…from Press TV, Tehran
[ Editor’s Note: Assad is holding his cards close to his vest as usual. Some might think that now is not a time to be vague, but it has served him well so far. He gains nothing by telegraphing what his next move is.
He also has some restrictions in acting independently, as he has allies that have invested heavily in saving Syria from the jihadis’ cruel boot being on the country’s neck. Remember the Qatari former PM and FM said on the Charley Rose show that the US and Gulf State coalition had spent $150 billion trying to take Assad down, and he is still standing.
Assad is seen driving in Damascus by himself with no security, and the people love it. He and his wife, who has undergone chemotherapy, are known to go out to dinner with no reservations and again with no security, to the delight of the owners and the patrons.
He does not have to prove himself. He has done that. But dealing with the Kurds is going to be a delicate operation, an opportunity handed to him on a silver plate by Erdogan, who also ran the US out of North Syria. Turkey’s action left the Kurds with a huge amount of US equipment and ammo; and they know how to use it, as they have on ISIS.
Despite all of Erdogan’s whining about the terrorist threat, everyone knows about his long proxy terror war that he has supported inside Syria and still supports, even though he is an Astana Group member. He is also a man that has stated supporting Syrian sovereignty while backing the Idlib jihadis, so his word means nothing.
But Russia and Iran have interests in Turkey, important ones; and these cannot be ignored. Assad has his own balancing act that he has to maintain. So far, this has been a stellar week for regaining Syrian territory at minimal cost.
Assad wants to maintain that method of operation… Jim W. Dean ]
– First published … October 18, 2019 –
Syrian President Bashar al-Assad has demanded a complete halt to Turkey’s operation against Kurdish forces in northeastern Syria, and a full withdrawal of foreign forces illegally present in Syrian territories.
During a meeting with a Russian delegation headed by the Kremlin’s special envoy on Syria,
, in Damascus on Friday, Assad said efforts must be directed at ending Operation Peace Spring and the pullout of all illegal forces, including the Turkish and American soldiers, from Syrian territories since they are considered occupying forces under international conventions.
The Syrian people are entitled to resistance by all available means, Assad said.
On Thursday, the Syrian leader said Damascus would give an appropriate response to the ground offensive by Turkish soldiers and allied Takfiri militants against Kurdish fighters in the region.
“No matter what false slogans could be made up for the Turkish offensive, it is a flagrant invasion and aggression. Syria has frequently hit (Turkish-backed) proxies and terrorists in more than one place.
Syria will respond to the assault and confront it anywhere within the Syrian territory through all legitimate means available,” Assad told the visiting Iraqi National Security Adviser Falih al-Fayyadh in Damascus.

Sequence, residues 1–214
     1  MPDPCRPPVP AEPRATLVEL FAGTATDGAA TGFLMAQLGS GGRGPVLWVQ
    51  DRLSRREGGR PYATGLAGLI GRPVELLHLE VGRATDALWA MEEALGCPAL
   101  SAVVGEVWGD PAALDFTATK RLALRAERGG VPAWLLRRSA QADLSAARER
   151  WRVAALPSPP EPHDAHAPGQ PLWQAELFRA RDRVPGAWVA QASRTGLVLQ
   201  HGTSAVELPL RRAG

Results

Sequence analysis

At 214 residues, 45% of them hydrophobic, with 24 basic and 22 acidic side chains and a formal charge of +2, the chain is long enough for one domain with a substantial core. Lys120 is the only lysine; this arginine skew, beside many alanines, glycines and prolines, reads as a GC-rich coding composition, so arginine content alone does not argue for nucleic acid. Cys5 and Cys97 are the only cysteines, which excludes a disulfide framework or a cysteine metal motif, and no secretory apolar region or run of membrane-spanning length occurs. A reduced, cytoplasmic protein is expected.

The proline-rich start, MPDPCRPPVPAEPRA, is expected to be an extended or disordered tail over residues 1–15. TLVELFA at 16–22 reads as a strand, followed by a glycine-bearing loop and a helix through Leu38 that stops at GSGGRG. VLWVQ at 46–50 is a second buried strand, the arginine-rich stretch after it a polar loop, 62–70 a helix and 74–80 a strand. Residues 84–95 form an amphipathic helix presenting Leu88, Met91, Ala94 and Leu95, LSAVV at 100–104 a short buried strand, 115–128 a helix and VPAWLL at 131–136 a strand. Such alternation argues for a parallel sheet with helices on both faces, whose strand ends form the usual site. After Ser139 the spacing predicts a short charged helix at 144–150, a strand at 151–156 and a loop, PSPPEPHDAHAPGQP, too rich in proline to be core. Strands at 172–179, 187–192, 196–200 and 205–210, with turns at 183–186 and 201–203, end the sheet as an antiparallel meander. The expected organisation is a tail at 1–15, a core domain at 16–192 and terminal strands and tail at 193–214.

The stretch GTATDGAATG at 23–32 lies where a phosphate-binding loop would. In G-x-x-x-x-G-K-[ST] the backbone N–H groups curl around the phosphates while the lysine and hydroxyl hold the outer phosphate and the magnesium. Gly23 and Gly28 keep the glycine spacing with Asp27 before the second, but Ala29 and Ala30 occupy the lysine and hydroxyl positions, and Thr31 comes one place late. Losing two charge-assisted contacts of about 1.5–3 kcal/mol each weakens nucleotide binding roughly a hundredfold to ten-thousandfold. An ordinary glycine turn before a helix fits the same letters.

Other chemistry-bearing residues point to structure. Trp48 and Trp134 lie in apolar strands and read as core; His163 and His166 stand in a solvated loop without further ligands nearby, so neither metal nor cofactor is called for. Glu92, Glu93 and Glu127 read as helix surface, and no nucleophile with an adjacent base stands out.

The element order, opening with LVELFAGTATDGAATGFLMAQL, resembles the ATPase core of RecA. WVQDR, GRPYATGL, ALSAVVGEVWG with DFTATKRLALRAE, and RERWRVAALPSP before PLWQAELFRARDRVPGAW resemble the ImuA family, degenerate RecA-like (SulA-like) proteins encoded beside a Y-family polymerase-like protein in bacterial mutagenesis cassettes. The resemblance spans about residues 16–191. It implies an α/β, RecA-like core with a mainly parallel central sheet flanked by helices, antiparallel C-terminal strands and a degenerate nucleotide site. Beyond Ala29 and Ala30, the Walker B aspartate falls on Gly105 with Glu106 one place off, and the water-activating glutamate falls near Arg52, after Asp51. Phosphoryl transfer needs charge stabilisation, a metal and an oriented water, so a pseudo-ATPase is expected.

An unnamed source at the Syrian Foreign Ministry on the same day condemned the “treacherous Turkish aggression.”
On October 9, Turkish military forces and Ankara-backed militants launched a long-threatened cross-border invasion of northeast Syria in a declared attempt to push Kurdish fighters from the People’s Protection Units (YPG) away from border areas.
Ankara views the US-backed YPG as a terrorist organization tied to the homegrown Kurdistan Workers’ Party (PKK), which has been seeking an autonomous Kurdish region in Turkey since 1984. The YPG constitutes the backbone of the so-called Syrian Democratic Forces (SDF).
The Kurdish-led administration in northeastern Syria says the Turkish offensive has killed 218 civilians, including 18 children, since its outset. The fighting has also wounded more than 650 people.
Turkish authorities say 20 people have been killed in Turkey by bombardment from Syria, including eight people who were killed in a mortar attack on the town of Nusaybin by YPG militants on October 11.
Lavrentiev, for his part, stressed Moscow’s firm support for Syria’s sovereignty and territorial integrity. The Kremlin’s special envoy to Syria further noted that Russia rejects any step or action that violates Syria’s sovereignty, further complicates crisis there and negatively affects attempts aimed at settlement of the conflict.
The two senior officials also exchanged viewpoints on preparations for the start of the work of Syria’s long-awaited constitutional committee.
They underlined that the most significant factor for the success of the constitutional committee is that its work must be far from foreign interference, and that all parties must respect the composition of the committee, which was formed through inter-Syrian talks.
On September 23, United Nations Secretary General Antonio Guterres said an agreement had been reached between the government of Syria and the so-called the Syrian Negotiation Commission – an umbrella opposition group supported by Saudi Arabia, on “a credible, balanced and inclusive constitutional committee.”
“It will be facilitated by the United Nations in Geneva,” Guterres told reporters, adding that it would be convened in the coming weeks.
Damascus maintains that the constitutional committee should be a purely Syrian affair to be decided by the Syrian people alone without any foreign interference.
In February, the United Nations special envoy for Syria, Geir Pedersen, said that he saw a constitutional committee as “the potential door-opener for the political process.”
Lavrentiev also briefed Assad on the outcome of the recent visits by Russian President Vladimir Putin to Saudi Arabia and the United Arab Emirates.
Jim W. Dean Archives 2009-2014